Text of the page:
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Brazil's Biofuel Strategy Pays Off as Gas Prices Soar

The Sao Martinho refinery makes ethanol out of sugar cane. The process is cheaper than the U.S. method, which uses corn.
The Sao Martinho refinery makes ethanol out of sugar cane. The process is cheaper than the U.S. method, which uses corn. (By Joshua Cogan For The Washington Post)

U.S. refiners sell a gasoline blend containing 10 percent ethanol in many parts of the Midwest, but they have been in no hurry to use more. Only a few hundred gasoline stations, mostly in the Midwest, offer a near-pure blend known as E85. Adapting cars to pure ethanol can be done relatively inexpensively by adding a fuel sensor and corrosion-resistant hoses, but there are only about 4 million flexible-fuel cars on U.S. roads out of more than 200 million.

Now the spike in gasoline prices has given ethanol a sudden edge.

Ethanol was selling for 30 cents less a gallon than gasoline this month in the Chicago wholesale market, even before refiners deducted the federal tax subsidy. Drivers in parts of Minnesota were paying $1.59 for a gallon of E85, compared with $1.99 for regular gasoline.

"If this doesn't scream that we need something more to make the oil companies buy this product, I don't know what does," said Monte Shaw, spokesman for the Renewable Fuels Association.

A provision in the Senate energy bill requires U.S. refiners and importers to double use of ethanol and other agriculture-derived fuels by 2012. It is supported by farm-state senators, consumer groups, several labor unions and environmental organizations. But the American Petroleum Institute, representing major oil companies, is fighting to keep it out of the final bill.

The United States imposes a stiff tariff on imported ethanol. But over the past 12 months, 160 million gallons of the Brazilian product still entered the country. The U.S. agribusiness giant Cargill Inc., the third-largest U.S. ethanol refiner, announced plans last year to refine Brazilian ethanol in El Salvador and export it to the United States duty-free under provisions of the Caribbean Basin Initiative.

The tariff is a sore point with Rodrigues, Brazil's agriculture minister. In 1948, his father acquired a bankrupt coffee plantation not far from the Sao Martinho sugar refinery, about a three-hour drive from Sao Paulo. Now he grows sugar cane on 7 square miles of rolling countryside.

"If the U.S. and Brazil would open their markets, they will contribute to democracy and peace," he told a group of visitors to his farm last month.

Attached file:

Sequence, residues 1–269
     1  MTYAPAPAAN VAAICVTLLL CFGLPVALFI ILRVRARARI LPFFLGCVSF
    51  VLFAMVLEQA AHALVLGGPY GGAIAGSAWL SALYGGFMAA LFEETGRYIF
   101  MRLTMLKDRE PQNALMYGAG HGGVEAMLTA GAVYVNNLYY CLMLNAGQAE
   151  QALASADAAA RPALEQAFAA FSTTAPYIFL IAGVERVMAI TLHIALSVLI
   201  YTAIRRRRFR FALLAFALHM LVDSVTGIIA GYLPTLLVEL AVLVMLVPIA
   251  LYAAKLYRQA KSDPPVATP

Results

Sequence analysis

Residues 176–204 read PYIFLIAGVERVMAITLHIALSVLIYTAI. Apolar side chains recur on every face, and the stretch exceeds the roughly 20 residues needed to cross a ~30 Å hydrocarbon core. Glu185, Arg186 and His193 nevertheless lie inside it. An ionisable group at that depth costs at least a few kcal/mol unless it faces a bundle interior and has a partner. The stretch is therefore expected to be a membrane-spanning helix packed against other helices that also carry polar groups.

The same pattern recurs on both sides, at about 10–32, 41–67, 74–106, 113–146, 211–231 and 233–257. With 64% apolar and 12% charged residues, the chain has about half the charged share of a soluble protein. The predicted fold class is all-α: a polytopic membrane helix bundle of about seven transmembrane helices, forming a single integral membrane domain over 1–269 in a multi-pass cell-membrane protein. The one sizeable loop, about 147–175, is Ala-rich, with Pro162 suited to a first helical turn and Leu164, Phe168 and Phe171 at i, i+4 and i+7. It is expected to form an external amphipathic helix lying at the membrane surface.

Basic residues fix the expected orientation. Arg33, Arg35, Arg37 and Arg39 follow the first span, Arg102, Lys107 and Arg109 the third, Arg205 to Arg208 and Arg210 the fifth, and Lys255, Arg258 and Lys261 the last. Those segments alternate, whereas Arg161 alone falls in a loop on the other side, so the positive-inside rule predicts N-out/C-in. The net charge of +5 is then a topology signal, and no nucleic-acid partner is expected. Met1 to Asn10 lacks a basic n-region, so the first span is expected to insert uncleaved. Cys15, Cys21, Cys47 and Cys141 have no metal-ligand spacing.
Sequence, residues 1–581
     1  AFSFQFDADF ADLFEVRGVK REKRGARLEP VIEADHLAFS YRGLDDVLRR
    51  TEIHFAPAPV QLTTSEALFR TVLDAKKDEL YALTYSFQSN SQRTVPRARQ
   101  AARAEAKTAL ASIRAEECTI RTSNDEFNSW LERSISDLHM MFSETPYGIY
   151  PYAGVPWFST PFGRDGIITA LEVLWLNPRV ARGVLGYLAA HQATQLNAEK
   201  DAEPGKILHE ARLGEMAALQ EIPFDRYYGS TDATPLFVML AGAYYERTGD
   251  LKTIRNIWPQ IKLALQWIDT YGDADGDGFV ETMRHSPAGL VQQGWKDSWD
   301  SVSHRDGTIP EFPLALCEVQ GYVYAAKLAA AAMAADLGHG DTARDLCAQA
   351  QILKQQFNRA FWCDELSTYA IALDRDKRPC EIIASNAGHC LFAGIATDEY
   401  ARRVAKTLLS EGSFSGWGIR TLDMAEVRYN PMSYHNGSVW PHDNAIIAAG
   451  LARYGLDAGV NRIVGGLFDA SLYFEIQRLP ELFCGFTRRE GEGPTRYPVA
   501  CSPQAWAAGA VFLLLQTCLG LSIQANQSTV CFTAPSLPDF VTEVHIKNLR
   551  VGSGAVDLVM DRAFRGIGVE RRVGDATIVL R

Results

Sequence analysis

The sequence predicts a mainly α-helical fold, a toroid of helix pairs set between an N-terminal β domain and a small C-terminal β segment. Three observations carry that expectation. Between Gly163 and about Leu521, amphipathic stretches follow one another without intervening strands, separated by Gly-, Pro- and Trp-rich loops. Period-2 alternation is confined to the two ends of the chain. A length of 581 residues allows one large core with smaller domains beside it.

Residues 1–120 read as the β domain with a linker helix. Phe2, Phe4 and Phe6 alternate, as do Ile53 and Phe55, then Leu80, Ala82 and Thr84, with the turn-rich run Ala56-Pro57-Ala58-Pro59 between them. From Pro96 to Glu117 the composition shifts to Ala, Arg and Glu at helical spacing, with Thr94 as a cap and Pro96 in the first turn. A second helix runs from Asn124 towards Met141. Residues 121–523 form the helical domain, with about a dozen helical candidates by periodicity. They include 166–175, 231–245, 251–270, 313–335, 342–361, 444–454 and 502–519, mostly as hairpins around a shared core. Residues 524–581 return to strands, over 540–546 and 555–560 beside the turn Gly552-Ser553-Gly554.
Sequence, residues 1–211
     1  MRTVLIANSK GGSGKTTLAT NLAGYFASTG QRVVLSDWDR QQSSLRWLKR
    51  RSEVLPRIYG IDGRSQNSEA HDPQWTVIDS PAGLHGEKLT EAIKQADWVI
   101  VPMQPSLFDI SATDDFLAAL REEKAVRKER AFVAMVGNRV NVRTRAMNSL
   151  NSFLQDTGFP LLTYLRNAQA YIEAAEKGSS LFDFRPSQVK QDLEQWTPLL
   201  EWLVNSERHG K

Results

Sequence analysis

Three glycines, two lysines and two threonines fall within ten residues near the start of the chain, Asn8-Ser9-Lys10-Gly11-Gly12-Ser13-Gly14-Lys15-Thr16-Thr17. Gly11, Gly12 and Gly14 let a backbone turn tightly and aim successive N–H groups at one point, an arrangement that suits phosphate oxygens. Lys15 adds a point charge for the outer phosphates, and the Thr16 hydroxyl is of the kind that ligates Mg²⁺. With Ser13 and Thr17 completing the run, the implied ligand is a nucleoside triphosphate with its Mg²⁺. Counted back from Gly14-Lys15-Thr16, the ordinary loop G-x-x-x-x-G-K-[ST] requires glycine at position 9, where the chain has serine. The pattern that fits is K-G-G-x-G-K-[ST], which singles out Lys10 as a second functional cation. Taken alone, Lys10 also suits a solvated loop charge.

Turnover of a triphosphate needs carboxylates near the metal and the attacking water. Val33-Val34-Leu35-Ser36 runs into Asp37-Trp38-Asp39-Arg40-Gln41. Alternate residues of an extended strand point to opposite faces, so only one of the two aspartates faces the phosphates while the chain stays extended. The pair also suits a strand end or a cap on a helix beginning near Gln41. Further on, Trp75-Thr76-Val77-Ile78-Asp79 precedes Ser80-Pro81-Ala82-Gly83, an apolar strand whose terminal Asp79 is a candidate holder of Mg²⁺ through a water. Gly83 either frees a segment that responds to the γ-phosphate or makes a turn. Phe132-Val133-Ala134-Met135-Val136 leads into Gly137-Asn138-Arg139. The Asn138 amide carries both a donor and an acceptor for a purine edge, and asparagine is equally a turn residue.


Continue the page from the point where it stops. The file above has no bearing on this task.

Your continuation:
Brazil launched a "pro-alcohol" program in the 1970s with incentives for distilleries and auto companies that made ethanol-only cars. But motorists turned away from those cars in 1989 when they were squeezed by high prices and shortages.

In the 1990s, some distillers went bankrupt and many refiners and sugar-cane farmers fell on hard times. But the government stuck by its commitment to alternative fuels, purchasing unsold stocks of ethanol and showering tax breaks on cabdrivers who used ethanol.

Brazil has added 2.4 million acres of sugar cane since 1996, according to a report from the officer of the U.S. agricultural attaché in Brazil. This trend could be accelerated by a recent World Trade Organization decision that could end the dumping of sugar on world markets by the European Union.

About 70,000 farmers produced 385 million tons of sugar cane last year, and refiners made 4 billion gallons of alcohol fuel -- enough to replace 460 million barrels of oil.

Mills such as Sao Martinho are highly efficient. The pressed sugar-cane juice can either go to huge fermentation vats to make alcohol or be spun in centrifuges to produce sugar and molasses, depending on which product is priced more favorably on any given day. The plant supplies its own electrical power by burning the crushed outer stalk of the cane, known as bagasse .

Exact comparisons are hard to come by, but mill manager Mario Ortiz Gandini said the mill can produce sugar for less than half the price of U.S. ethanol from corn. "No country can beat us," he said.

Sugar's role in producing a "green" fuel is part of a broader rehabilitation of the crop's reputation. Colonial-era sugar planters, mainly Portuguese and Spanish, used slaves to hack and burn their way into northeast Brazil's wild interior, opening up the country but giving the crop a lasting reputation for appalling working conditions and environmental desecration.

"Sugar comes from a disreputable past, and there are still labor issues, but from what I have seen in Brazil, the energy balance and its environmental impacts make it an extremely promising source of energy," said Kenneth A. Cook, president of the Washington-based Environmental Working Group.

Paulo Rodrigues, who manages the family sugar plantation for his father, acknowledges that "sugar has had a bad reputation." But, he said, sugar cane requires fewer chemicals than any crop except pasture. His farm uses wasps to fight insects, reducing the need for chemical pesticides. The crop's dense leaves absorb large amounts of carbon dioxide, making it a good recycler of the greenhouse gas implicated in global warming.

Traditionally, some of the carbon is released back into the atmosphere when the leaves are burned off before the cane is cut. But according to William L. Burnquist of the Sugar Cane Technology Center, Brazilian environmental laws require the practice to be phased out.

Burning is being replaced by "green cane harvesting," in which machines cut unburned cane and separate the leaves mechanically. Mechanical harvesting eliminates the need for some temporary field jobs, but Burnquist noted: "These aren't jobs that you would wish for anybody."


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